Biometric hardware and software reduces burden on Chicago Housing Authority's help desk
One more call to the three-person IT department of the Chicago Housing Authority requesting to change or reset a network access password would've been the proverbial straw that broke the camel's back. "It just became overwhelming," says Bryan Land, assistant CIO of the city department that provides housing for low-income people. To overcome this challenge, the IT department decided to deploy biometric hardware and software on the desktops of 1,000 housing-authority employees.
The housing authority is using a fingerprint-scanning USB mouse developed by BioLink and distributed by Idynta Systems Inc. Each mouse costs up to $90 each. The authority also purchased the BioLink Authenteon Server that searches and matches fingerprint submissions against a database of authorized users in the network for $15,000.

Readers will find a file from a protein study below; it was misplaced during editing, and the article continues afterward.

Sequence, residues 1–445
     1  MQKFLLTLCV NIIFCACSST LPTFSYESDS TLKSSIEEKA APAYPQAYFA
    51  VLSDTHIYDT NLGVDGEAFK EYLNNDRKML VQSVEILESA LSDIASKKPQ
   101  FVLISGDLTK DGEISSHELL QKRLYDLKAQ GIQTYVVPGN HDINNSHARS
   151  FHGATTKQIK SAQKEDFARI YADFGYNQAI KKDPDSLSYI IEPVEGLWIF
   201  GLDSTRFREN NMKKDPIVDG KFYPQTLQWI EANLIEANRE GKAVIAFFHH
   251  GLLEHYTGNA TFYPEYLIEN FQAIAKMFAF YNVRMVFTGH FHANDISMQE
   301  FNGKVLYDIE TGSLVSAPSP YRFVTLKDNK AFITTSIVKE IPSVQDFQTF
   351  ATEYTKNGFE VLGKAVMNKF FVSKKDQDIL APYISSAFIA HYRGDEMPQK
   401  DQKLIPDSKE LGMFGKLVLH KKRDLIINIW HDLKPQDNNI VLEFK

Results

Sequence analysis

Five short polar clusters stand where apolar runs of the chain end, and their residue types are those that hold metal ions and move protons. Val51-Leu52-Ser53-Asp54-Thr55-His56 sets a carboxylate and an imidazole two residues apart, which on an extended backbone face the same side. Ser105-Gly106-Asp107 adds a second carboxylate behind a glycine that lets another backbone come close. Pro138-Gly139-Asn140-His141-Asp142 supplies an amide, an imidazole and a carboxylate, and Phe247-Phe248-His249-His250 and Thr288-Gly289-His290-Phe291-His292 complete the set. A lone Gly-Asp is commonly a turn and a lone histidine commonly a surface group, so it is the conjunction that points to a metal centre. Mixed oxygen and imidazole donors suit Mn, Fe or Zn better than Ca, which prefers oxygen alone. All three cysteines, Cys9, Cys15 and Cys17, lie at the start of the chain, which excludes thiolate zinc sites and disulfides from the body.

About 200 employees are using the biometric system, and that has "reduced the burden on the help desk," Land says. All 1,000 employees should have access to the biometric system by next summer. Currently, the authority's IT team is developing a way to use the fingerprint technology to grant application access based on individual roles and employment status within the organization. Land says, "My goal is to have that available in 90 days."
The Business of Going DigitalDigital business isn't about changing code; it's about changing what legacy sales, distribution, customer service, and product groups do in the new digital age. It's about bringing big data analytics, mobile, social, marketing automation, cloud computing, and the app economy together to launch new products and services. We're seeing new titles in this digital revolution, new responsibilities, new business models, and major shifts in technology spending.
What The Business Really Thinks Of IT: 3 Hard TruthsThey say perception is reality. If so, many in-house IT departments have reason to worry. InformationWeek's IT Perception Survey seeks to quantify how IT thinks it's doing versus how the business views IT's performance in delivering services - and, more important, powering innovation. The news isn't great.